Wednesday, October 22, 2003

It's not just a car... 

...it's an adventure.

And praise be to G-d, Allah, Buddha, Krishna, Yaweh, Jehovah or, for the atheists, no damn body that I made it home.

Monday night, after getting home from Tucson, I spoke with NeighborGuy for a few minutes. After shocking me with offers to help with the car hunt, including the offer of money (that's shocking part - no, I didn't take him up on that offer - maybe the marriage proposal, though drunken, was more sincere than I thought), he told me he had forgotten to tell me about checking the oil. He promised he would do so before he went to sleep on Monday night.

Tuesday morning I hopped in the car, through the passenger side since I locked the driver's side door on Friday when I went to the FlyAway and left the Mustang parked in the lot until Monday. I knew there were problems unlocking that door, but I thought I could unlock it from the inside. I was wrong.

Anyway, I started off for work. Halfway there I looked at the oil pressure gauge. It was close to low. Uh-oh. I thought that was probably a bad thing, but I couldn't quite remember because the gauge reads "Oil Pressure", not "Oil Level", and the word Pressure threw me off. I prayed, "Please let me get to work," and that prayer was answered.

I had intended to check it out during lunch, but it slipped my mind as I worked, trying to catch up after my days off, then went to lunch with FFDWG(FKaSarah). At the end of the day, after climbing into the car and driving to the writing group meeting, I noticed the gauge. The meeting wasn't far away, at FFDWG(FKaSarah)'s place, so I knew I could make it. After the meeting I would go to RiteAid to get the needed oil.

The meeting lasted longer than usual, but I still had time to go to RiteAid. Except they didn't have the recommended weight (20W/50W). So off to a gas station I went. Which didn't have that grade either. But the gas station guy recommended another weight and gave me a couple of those little paper funnels. Those proved to be utterly useless. Turns out the only place I could find to pour in the oil was a tiny little opening where the dipstick resided. I knew that wasn't the place, but I the only other place that looked likely was also possibly a place in which to pour that transmission fluid. I just didn't know. And the oil levels were dangerously low.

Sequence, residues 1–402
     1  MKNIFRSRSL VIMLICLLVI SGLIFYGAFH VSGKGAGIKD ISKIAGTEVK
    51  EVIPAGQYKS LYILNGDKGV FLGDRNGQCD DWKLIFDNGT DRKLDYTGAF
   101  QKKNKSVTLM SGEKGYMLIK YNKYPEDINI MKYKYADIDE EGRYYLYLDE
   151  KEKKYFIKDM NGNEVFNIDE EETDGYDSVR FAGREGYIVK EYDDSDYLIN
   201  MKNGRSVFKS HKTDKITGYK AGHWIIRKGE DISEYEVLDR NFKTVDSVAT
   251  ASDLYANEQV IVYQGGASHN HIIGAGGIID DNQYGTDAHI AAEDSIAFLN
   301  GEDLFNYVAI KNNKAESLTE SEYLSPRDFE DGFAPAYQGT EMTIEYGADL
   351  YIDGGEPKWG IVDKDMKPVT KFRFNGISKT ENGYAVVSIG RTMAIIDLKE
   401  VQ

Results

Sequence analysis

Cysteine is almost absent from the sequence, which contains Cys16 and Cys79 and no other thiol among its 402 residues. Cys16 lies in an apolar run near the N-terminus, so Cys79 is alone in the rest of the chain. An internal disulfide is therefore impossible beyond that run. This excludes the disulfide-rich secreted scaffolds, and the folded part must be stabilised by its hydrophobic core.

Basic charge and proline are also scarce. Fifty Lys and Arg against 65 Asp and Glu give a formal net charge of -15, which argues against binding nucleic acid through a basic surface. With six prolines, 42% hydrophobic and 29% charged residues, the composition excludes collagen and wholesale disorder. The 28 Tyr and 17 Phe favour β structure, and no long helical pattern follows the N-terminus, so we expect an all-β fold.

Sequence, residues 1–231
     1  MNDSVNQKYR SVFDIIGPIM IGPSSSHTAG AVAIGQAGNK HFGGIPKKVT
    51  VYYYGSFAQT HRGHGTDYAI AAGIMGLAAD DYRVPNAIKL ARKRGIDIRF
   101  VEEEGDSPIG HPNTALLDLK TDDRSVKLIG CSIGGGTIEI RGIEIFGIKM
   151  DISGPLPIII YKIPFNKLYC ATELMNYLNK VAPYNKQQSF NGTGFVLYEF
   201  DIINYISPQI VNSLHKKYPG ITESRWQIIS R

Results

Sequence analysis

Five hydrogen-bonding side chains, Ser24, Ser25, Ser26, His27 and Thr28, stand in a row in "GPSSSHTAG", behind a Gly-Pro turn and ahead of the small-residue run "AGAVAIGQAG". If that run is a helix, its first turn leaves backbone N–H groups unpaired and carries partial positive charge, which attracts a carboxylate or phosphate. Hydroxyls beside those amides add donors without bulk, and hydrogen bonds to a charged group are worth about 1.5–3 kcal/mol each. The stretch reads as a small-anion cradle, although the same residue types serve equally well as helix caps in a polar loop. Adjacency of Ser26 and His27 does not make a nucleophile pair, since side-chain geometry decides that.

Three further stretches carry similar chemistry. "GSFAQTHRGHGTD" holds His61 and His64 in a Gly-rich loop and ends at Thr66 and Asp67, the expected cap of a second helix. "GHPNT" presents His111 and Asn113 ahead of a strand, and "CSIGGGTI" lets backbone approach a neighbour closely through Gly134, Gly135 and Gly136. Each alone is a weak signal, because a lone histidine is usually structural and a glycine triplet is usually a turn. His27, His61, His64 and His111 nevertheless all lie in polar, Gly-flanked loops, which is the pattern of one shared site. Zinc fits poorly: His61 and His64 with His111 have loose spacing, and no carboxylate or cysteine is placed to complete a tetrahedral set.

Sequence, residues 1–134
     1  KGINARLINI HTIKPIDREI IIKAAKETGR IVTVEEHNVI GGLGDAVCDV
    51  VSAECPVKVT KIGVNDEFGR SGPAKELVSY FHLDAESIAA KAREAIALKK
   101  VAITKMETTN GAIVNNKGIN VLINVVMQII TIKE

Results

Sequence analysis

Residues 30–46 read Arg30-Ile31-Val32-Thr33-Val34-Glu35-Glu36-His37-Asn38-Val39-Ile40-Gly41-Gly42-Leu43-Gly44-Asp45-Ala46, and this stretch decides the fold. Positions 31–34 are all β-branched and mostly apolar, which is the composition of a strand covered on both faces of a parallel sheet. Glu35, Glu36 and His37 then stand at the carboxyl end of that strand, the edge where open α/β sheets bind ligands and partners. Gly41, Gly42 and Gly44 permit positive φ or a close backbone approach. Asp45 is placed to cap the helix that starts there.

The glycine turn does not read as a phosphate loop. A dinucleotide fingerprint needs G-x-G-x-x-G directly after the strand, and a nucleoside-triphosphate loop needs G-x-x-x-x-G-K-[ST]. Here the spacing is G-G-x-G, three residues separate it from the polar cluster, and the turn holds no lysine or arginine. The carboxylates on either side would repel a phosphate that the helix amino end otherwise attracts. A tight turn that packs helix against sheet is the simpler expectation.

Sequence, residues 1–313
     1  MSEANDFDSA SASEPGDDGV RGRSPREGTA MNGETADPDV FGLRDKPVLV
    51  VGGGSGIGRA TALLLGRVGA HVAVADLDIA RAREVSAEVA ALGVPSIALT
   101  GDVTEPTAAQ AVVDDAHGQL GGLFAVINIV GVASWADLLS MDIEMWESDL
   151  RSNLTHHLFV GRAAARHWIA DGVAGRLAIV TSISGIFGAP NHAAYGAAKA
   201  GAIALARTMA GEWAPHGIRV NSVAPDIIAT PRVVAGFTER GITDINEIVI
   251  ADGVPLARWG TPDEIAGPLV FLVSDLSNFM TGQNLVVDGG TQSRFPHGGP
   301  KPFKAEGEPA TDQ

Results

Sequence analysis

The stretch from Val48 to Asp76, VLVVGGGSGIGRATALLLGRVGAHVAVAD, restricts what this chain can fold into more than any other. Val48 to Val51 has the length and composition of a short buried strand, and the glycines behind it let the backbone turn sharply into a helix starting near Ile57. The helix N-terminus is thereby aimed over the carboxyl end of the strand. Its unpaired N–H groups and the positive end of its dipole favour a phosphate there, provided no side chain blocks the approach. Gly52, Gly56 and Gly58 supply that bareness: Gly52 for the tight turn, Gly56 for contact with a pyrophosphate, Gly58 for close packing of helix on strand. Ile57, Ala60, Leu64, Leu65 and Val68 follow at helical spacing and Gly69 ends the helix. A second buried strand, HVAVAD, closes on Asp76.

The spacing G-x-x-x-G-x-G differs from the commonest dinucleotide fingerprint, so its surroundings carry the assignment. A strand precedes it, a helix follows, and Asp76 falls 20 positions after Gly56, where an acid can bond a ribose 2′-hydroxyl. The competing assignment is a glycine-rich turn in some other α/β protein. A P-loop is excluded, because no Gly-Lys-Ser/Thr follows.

I managed to add a little bit of oil, then drove to a 7/11 in hopes of finding a funnel that would work. No such luck. They did have the proper weight, though. So I decided to get all MacGyver, buying a quart of the 20w/50w, some paper plates and little scissors. I fashioned a funnel with a tiny opening, which helped a little, but still didn't quite work. A possibly homeless woman did offer to help by standing next to the open hood and staring at the engine as I struggled with the oil, offering a few words of encouragement and asking if she could have my scissors. I declined, saying that I needed them, which I did. Besides which, I'm not big on giving sharp objects to strangers, especially when I'm not entirely sure about their mental stability. I mean, she seemed nice enough, but one never knows.

Due to spilling a fair amount, I think a grand total of 1/4 quart was added, just enough to get me home, with lots of prayer thrown into the mix. I left the meeting at nearly 9pm. I walked through my front door just after midnight.

Somewhere in the night's adventure I managed to turn on the hazard lights, which blinked off as suddenly as they flashed on with no warning, and I ripped my favorite jeans when they caught on the torn up front seats - seat covers previously prevented clothes from shredding to pieces, but the covers have a tendency to slip off. Then there's all the motor oil all over my hands, with some migrating to my clothes and, no doubt, my hair. And, despite scrubbing, I still have engine dirt and oil under my fingernails, lending my hands that chic auto mechanic look that's all the rage with the cool kids.

I gotta get me some coveralls. And maybe take an auto repair class, so that I feel a little more self-sufficient.

That would be nice.

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Carol/Female/36-40. Lives in United States/California/Los Angeles/San Fernando Valley, speaks English. Spends 40% of daytime online. Uses a Normal (56k) connection.
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